Archer (3-6) allowed four runs -- one earned -- and four hits in eight innings for the Rays, who have lost six of seven (see full recap).

Donaldson HRs spark Blue Jays' victory
TORONTO -- Josh Donaldson hit two home runs and drove in five runs as the Toronto Blue Jays snapped a five-game home losing streak with a 7-5 win over the Boston Red Sox on Friday night.

The reigning AL MVP was 4 for 5, starting the scoring with a first-inning solo shot, and then providing the winning margin with a two-run drive, his 13th of the year in the eighth.

Justin Smoak added a solo shot in the fifth inning. Joe Biagini (2-1) got four outs and Roberto Osuna pitched the ninth for his 11th save.

Koji Uehara (2-2) worked the eighth inning for the Red Sox, allowing Ezequiel Carrera -- starting for the suspended Jose Bautista -- to reach on a bunt before surrendering the home run to Donaldson.

Boston's Xander Bogaerts was 1 for 4, extending his career-best hitting streak to 20 games, the longest active run in the majors (see full recap).

Cubs use three homers to beat Morgan and Phillies' feeble offense

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Cubs use three homers to beat Morgan and Phillies' feeble offense

BOX SCORE

CHICAGO – The Chicago Cubs were everything they were advertised to be on Friday afternoon/evening.
 
They pitched.
 
They hit.
 
And they looked like what they are – the best team in the majors – as they put a whoopin’ on Adam Morgan and a Phillies club that is slowly cooling after its hot start.
 
The Cubs rode three home runs to a 6-2 win over the Phils at Wrigley Field (see Instant Replay). It was the Phils’ third loss in four games on this road trip and fifth in the last seven games.

As if the loss wasn't enough, the Phillies' misery was stretched out by a pair of late-game rain delays that totaled 1 hour, 33 minutes.
 
Scoring runs continues to be a great challenge for the local nine, which entered the day averaging just 3.3 runs per game. The Phils have been held to two or fewer runs 16 times in their 48 games. For the season, they have been outscored by 35 runs.
 
The Phils are still over .500 at 26-22, but they might not be much longer if they don’t find some offense. They had 10 hits in the game, but only one for extra bases.
 
"We couldn't string anything together," manager Pete Mackanin lamented afterward.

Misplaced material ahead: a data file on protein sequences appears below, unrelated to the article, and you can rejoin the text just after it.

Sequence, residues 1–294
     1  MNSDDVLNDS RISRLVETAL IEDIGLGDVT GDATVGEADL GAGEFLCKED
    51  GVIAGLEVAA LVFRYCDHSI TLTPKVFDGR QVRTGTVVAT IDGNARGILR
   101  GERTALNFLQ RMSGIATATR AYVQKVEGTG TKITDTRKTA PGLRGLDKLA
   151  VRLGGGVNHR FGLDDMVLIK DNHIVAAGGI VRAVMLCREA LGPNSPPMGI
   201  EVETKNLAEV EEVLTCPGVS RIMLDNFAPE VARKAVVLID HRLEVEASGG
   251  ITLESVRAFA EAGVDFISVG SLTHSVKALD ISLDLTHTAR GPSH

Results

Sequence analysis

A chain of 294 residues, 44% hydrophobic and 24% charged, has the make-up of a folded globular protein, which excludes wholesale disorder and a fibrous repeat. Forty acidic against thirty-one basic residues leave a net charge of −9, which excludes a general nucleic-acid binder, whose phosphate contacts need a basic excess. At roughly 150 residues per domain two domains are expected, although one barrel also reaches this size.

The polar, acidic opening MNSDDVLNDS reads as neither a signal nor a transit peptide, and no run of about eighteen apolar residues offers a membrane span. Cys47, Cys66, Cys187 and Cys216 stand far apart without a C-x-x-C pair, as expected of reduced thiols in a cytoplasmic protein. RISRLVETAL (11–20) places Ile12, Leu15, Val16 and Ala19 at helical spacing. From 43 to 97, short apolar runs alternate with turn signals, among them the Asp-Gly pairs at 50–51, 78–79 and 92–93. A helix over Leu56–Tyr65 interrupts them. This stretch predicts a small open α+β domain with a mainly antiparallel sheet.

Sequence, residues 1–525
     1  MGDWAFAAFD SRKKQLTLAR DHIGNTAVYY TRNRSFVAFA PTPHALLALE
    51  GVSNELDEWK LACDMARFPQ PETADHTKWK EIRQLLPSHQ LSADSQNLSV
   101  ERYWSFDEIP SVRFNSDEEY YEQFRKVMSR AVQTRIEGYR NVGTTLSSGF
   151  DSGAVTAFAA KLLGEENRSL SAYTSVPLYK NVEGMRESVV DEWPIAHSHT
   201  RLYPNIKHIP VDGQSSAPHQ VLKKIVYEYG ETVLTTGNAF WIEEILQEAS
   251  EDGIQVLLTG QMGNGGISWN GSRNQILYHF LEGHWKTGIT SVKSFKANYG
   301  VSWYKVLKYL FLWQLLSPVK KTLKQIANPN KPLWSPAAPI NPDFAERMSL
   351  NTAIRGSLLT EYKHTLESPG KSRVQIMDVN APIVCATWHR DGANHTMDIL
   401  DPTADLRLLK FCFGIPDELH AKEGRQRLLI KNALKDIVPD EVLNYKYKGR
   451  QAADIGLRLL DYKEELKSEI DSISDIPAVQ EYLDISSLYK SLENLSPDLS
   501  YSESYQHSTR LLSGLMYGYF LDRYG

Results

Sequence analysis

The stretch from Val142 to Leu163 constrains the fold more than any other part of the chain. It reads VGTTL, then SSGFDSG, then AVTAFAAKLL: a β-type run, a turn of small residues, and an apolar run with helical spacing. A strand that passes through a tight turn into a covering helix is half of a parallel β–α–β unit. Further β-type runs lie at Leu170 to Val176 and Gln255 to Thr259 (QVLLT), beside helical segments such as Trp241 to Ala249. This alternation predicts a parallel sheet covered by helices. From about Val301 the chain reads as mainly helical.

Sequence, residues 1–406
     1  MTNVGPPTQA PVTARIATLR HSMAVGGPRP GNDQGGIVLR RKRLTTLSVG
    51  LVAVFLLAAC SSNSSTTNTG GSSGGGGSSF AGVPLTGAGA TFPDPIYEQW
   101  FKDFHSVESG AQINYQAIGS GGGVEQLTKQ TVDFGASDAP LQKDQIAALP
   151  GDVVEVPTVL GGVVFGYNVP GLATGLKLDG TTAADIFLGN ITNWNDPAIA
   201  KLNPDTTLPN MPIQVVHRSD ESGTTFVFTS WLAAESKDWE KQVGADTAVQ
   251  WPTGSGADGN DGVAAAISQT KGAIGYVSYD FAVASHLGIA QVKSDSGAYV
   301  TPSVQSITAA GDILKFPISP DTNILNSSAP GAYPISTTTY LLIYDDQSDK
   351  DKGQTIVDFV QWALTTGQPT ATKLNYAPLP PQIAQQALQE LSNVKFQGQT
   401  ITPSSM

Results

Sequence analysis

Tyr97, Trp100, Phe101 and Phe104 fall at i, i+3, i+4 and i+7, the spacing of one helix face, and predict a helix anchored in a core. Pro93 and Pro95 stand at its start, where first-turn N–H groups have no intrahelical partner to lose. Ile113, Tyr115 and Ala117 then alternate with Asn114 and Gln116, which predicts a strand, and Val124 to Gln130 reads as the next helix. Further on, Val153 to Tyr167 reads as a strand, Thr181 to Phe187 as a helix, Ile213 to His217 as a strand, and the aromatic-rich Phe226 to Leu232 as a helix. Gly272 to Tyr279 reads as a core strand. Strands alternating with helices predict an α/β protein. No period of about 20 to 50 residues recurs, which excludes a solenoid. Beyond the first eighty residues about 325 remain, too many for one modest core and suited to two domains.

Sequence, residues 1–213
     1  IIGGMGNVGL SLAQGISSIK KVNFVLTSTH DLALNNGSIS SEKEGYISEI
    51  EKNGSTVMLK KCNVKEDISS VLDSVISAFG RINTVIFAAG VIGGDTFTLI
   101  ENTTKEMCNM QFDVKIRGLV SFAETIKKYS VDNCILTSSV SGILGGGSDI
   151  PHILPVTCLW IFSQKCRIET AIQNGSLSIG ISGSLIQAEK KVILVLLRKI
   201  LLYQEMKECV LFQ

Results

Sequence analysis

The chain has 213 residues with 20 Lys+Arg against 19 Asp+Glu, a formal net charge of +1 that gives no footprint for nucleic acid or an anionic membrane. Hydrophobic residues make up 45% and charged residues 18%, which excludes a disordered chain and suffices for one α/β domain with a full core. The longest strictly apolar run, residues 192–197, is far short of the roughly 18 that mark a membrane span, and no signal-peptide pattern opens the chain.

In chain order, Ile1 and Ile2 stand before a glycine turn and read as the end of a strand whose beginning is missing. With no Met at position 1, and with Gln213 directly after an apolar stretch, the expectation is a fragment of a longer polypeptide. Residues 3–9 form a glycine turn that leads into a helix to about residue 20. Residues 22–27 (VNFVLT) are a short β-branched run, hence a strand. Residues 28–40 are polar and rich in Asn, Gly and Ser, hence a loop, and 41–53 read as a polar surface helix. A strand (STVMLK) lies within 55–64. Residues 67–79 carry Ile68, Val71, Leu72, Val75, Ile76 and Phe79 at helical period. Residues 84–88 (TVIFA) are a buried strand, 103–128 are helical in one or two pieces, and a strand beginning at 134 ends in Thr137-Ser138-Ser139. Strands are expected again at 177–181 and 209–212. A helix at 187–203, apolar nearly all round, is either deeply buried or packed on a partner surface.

Mackanin was asked if he was worried the offensive shortcomings were catching up with the team.
 
“I wouldn’t say I’m worried about it,” he said. “I’ve been conscious of it the whole season. We certainly would like to have more offense, a little bit more power.
 
“You look at the Cubs, you look at the Tigers, they’ve got power and home-run threats to do damage. We haven’t been able to do that. So, of course, I’m always concerned it might catch up with us, but as long as the pitching does its job we’re going to be in as many games as they allow us to be in.”
 
Starting pitching is a big reason the Phillies came into Wrigley Field five games over .500. It has kept them in games to the point where a big hit or big defensive play can win it.
 
But the starting pitching was not there in this game and that’s a problem when you’re facing the Cubs. They are a team has been built to break a 108-year World Series championship drought. They are averaging 5.7 runs per game, best in the National League, and have outscored their opponents by a whopping 123 runs. Their 32 wins are the most in the majors.
 
The Cubs pounded Morgan for six runs in four innings. He was tagged for eight hits and five were for extra bases, including three homers.
 
Morgan really struggled in the fourth inning. He gave up a mammoth 461-foot homer to Jorge Soler to lead off the frame. Four batters later, David Ross followed a walk and a single with a three-run home run to left and the Friday afternoon Happy Hour was on at Wrigley – at least until the skies opened in the seventh. Morgan gave up a third home run (to Kris Bryant) in the fifth.